Nor am I talking about the stars of stage and screen. Because, let's face it, most of them are seriously overrated. I refer instead to the habit of awarding stars in reviews.
A good while ago I wrote to the journal Nature, complaining about some of the book reviews that they carried. I pointed out that the (long) reviews said nothing whatsoever about the book itself and whether it was any good - which is what the potential reader wants - instead, the review merely gave the reviewer a chance to do his or her potted version of the theme of the book. They said what the book was about, but not if it was any good or whether you should read it. I got what was, frankly, a rather snotty email back from someone at Nature saying something to the effect of 'ours aren't the trivial sort of reviews you have on www.popularscience.co.uk. We aren't going to start giving a book stars like you do.'
Personally, I think this is a mistake. Life is too short to read every review - it's very handy to be able to check out the star rating and then decide which reviews to read. I'm not suggesting we only take notice of the star rating, but it's a good indicator of whether the reviewer considers a book (or film or whatever) really bad or excellent - in both cases suggesting the review is worth getting into in more depth. Assuming, of course, the review does give you a judgement on the book, as theirs failed to do.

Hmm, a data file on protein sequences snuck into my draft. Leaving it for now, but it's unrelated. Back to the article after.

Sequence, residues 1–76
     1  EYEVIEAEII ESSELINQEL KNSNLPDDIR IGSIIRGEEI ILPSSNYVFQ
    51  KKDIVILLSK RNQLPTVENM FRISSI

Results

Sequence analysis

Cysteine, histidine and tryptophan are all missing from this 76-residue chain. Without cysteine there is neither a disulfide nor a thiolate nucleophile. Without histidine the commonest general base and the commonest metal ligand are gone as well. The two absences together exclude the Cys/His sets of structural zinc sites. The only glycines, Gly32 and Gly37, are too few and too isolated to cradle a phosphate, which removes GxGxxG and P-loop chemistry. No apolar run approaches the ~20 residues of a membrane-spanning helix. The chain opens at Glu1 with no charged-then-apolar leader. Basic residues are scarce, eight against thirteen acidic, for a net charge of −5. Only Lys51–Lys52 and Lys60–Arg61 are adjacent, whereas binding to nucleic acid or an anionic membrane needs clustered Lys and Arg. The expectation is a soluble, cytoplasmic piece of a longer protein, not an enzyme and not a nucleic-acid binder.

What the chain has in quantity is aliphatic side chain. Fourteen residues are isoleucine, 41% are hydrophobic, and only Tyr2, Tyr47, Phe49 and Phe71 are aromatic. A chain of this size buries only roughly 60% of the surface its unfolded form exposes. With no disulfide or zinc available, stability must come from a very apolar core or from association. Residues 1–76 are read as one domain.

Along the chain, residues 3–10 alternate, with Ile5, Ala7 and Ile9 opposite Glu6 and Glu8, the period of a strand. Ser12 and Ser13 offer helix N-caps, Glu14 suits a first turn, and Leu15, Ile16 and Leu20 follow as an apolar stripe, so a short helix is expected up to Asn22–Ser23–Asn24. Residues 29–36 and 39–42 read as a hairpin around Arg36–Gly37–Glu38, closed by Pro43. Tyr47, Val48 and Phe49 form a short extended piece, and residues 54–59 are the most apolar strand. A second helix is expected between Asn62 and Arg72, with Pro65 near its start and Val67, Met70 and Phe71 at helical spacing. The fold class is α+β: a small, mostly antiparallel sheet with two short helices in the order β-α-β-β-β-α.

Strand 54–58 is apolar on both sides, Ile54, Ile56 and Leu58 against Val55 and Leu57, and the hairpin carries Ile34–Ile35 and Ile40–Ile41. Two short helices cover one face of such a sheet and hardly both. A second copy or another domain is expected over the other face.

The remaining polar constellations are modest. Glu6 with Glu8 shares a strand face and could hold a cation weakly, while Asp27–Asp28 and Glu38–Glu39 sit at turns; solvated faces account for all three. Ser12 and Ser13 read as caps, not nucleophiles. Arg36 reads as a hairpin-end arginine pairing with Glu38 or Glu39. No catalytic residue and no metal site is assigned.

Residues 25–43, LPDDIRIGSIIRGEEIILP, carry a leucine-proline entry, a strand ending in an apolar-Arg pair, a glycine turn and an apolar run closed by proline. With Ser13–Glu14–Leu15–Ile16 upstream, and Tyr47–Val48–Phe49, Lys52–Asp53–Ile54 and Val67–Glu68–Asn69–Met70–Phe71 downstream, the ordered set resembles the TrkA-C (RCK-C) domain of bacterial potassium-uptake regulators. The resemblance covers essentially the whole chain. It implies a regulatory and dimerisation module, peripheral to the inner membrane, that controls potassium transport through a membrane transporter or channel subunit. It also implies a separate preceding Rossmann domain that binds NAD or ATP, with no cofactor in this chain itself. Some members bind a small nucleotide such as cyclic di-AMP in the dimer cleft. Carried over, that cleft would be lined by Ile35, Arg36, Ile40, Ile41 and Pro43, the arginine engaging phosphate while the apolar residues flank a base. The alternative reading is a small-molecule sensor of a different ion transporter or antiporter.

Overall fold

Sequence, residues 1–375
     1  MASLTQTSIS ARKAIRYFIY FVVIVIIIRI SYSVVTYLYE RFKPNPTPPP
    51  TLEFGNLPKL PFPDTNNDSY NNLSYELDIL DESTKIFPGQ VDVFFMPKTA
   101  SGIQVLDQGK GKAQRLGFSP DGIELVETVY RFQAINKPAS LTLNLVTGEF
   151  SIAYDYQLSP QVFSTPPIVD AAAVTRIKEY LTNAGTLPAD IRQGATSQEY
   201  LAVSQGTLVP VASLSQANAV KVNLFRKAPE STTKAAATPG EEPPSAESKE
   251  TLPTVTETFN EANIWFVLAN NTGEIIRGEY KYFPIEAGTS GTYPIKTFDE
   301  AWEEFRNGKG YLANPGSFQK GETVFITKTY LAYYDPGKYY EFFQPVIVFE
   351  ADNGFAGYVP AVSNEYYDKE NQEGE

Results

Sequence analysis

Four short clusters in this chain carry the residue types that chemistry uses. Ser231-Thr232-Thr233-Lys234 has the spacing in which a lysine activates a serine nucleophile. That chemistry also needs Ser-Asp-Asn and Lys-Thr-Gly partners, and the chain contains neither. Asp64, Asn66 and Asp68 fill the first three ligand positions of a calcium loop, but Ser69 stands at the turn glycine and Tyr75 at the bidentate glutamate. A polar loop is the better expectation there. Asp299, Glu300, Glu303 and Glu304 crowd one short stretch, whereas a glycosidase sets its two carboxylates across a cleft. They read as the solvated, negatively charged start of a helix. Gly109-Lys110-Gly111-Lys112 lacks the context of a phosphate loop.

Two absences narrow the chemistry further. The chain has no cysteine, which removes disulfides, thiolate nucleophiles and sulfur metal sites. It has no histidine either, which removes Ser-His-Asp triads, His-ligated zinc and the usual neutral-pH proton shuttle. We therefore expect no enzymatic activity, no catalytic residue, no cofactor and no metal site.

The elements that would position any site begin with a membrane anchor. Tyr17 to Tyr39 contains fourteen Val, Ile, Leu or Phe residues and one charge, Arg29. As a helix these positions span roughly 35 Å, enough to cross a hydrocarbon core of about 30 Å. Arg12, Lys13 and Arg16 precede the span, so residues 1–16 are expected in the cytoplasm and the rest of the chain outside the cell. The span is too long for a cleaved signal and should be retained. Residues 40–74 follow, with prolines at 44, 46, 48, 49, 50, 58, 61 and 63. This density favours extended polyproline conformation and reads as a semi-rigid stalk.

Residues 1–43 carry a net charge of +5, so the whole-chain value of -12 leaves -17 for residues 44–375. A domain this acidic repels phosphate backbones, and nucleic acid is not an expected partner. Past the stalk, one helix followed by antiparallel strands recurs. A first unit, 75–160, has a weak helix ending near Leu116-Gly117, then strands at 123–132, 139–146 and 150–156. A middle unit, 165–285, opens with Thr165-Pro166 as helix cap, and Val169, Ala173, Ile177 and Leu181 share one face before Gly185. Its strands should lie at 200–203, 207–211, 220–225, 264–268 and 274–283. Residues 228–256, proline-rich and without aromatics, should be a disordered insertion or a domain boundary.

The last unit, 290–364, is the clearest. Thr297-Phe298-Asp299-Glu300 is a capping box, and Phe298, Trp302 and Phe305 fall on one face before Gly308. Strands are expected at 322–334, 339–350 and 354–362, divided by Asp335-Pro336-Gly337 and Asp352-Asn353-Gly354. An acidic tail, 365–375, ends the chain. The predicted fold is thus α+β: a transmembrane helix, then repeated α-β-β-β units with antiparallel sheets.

However a star rating means different things to different people, so I thought it would be useful to finish by giving a quick guide to the way we use the star rating system on www.popularscience.co.uk:
* - Just doesn't work for us. If you think like us, avoid it
** - Has some interesting points, but probably only for a limited audience
*** - Good solid book, well worth reading if you are interested in the topic
**** - Excellent book that any popular science fan would want to read
***** - One of the best popular science books of the year
ImageCredit: NASA, ESA, and J. Maiz Apellaniz (Instituto de Astrofisica de Andalucia, Spain)